Susan and Derrick Friedman have reached their early 90s
just as their four children have entered their retirement
years. The Friedman siblings are part of the Sandwich
Generation; Baby Boomers who may find themselves
caught in a new financial paradox: how to retire while
caring for both elderly parents and young adult kids—
Millennials who still need financial assistance.
As life spans increase, so do the number of Baby
Boomers who fit this description. A 2013 Pew Foundation
survey found that half of the Baby Boomers have aging
parents and are raising a young child or supporting a
young adult. And at least 15% provide financial support
for both their parents and children. This new trend
threatens to squeeze Boomers’ finances and put their
retirement nest egg at risk—unless they learn how to
navigate the looming pitfalls.
That’s what the Friedman children did—with some
assistance. They spoke to a geriatric consultant and
gathered valuable tips about how they could avoid moving
their parents into a costly retirement facility. Here’s five of
the most important lessons for Boomers:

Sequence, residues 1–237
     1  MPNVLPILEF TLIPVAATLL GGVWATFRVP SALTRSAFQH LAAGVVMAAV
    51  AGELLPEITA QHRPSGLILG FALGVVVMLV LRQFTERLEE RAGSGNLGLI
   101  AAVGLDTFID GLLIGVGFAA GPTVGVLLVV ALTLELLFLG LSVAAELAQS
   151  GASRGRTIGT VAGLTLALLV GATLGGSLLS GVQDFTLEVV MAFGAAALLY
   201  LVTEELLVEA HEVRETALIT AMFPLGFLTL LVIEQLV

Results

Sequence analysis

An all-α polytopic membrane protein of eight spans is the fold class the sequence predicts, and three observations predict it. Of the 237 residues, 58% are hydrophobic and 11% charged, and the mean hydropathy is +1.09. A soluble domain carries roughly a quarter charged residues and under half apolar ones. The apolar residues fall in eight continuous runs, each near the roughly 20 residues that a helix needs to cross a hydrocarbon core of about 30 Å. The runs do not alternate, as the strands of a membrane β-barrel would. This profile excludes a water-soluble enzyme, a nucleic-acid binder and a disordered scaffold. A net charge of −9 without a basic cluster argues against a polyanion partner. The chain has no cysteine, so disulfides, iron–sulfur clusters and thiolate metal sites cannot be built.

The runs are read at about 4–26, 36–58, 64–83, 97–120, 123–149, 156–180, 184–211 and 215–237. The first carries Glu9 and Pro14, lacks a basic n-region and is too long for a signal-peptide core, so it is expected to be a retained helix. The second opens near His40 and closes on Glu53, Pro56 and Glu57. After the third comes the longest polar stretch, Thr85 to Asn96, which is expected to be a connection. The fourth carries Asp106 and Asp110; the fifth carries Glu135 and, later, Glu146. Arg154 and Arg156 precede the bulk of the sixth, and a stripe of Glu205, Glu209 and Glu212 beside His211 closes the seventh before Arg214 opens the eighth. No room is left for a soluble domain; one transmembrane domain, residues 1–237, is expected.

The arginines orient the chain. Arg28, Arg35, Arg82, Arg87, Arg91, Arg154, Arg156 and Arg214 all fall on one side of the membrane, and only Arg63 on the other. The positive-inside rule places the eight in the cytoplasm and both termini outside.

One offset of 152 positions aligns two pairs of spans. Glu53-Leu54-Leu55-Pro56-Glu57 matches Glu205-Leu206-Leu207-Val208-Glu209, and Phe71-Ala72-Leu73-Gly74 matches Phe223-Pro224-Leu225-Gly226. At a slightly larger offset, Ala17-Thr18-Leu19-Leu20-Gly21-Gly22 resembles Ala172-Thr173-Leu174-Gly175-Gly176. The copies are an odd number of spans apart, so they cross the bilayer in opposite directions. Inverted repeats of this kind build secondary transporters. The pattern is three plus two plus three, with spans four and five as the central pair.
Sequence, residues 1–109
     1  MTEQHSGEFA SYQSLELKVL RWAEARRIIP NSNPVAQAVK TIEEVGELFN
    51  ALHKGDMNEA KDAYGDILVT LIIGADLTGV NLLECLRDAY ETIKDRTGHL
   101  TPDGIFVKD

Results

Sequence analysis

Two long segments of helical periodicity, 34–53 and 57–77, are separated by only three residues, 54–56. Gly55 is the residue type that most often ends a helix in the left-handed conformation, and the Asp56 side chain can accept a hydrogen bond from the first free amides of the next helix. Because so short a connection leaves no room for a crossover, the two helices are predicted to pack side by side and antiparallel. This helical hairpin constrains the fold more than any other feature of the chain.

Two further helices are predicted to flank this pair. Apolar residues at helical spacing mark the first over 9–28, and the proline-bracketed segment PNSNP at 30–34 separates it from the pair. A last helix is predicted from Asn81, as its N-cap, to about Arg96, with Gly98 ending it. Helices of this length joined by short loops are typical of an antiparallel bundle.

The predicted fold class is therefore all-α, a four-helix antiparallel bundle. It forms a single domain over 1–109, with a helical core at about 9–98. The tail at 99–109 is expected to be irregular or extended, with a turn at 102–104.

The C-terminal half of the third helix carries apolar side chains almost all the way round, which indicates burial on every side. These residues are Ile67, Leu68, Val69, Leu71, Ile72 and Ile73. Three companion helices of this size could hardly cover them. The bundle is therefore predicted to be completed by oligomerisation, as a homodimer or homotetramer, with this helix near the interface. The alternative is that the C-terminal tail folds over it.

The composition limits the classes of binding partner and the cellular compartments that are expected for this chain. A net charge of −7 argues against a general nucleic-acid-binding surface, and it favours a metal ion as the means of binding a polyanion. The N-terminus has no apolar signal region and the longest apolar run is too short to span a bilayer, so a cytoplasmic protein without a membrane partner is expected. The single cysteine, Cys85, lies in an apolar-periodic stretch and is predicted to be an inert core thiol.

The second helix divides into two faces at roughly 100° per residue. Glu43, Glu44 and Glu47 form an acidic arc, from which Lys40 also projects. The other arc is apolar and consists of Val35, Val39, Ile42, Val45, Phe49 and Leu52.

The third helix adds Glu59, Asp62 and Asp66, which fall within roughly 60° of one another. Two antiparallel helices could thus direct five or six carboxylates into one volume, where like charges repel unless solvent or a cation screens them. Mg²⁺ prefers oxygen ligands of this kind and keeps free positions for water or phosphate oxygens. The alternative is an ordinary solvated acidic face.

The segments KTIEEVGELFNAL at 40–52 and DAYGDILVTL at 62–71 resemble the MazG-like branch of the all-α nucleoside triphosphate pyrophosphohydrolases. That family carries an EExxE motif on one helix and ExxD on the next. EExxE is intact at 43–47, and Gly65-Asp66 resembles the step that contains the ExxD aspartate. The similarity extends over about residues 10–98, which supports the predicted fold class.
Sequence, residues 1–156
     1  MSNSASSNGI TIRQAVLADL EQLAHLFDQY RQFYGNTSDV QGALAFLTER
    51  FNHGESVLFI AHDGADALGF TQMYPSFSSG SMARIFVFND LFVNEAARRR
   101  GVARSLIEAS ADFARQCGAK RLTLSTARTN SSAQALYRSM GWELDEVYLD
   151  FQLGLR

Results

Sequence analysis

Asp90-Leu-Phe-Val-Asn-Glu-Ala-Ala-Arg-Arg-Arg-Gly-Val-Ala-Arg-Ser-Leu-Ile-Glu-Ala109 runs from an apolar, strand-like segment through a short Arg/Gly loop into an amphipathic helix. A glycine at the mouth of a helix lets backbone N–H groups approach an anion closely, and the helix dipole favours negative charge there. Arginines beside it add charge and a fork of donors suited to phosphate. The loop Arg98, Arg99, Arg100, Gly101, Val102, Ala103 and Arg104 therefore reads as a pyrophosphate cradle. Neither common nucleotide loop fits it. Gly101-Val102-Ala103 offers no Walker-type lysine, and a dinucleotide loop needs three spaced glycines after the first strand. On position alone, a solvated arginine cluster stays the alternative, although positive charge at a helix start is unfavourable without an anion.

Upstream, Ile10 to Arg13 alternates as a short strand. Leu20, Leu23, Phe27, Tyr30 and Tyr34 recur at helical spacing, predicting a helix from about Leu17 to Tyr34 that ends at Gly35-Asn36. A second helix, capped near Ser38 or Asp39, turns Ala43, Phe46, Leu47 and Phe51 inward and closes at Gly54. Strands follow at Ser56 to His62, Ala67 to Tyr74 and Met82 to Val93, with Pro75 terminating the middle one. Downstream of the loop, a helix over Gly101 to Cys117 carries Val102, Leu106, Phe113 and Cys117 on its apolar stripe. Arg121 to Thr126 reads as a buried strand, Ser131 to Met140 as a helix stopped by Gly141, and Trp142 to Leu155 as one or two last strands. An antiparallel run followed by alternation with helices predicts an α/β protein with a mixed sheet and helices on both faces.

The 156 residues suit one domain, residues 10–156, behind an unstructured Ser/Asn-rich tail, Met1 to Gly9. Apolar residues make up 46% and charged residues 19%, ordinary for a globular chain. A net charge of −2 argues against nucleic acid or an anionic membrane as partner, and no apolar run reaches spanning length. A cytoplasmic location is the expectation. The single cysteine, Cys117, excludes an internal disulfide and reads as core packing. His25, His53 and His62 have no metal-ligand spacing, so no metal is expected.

1. Protect your retirement assets—
put yourself first
Don’t sacrifice your own financial health by raiding your
retirement savings to cover college tuition or your parents’
long-term care. Consider student loans and ways to
stretch parents’ assets. In the case of the Friedmans, the
consultant explained that as income from the sale of the
family home dwindled, they might qualify at some point
for subsidized care giving, critical to living on their own.
2 Anticipate your financial needs
Plan ahead for the possibility that kids may move back
home and aging parents will require financial help,
increasing your monthly reserve.
3 Consider long-term care insurance for
your parents and you
Price policies and learn what’s covered—it may help
defray some of the enormous expense of nursing homes.
(Insurance policies contain exclusions, limitations,
reductions of benefits, and terms for keeping them in
force. Your financial professional can provide you with
costs and complete details.)
4 Research tax breaks for caregivers
If your parents live with you for half the year, you may
be able to pay for caregivers and other expenses by
claiming the dependent-care credit on your tax return or
contributing to an employer’s dependent-care flexible
5 Set clear financial limits when kids move back
Encourage them to work or pay some rent.
If they hadn’t reached out for advice, the Friedmans’
children wouldn’t have considered applying for Veterans
Administration benefits. “Now they’re more willing to
spend on what they need—drivers and caregivers,” says
Dana Friedman Roberts. “And that’s reduced the help they
need from us.”
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This is not an actual client or client experience. This is a hypothetical example and is not representative of any specific situation. Your individual circumstances and results may vary.
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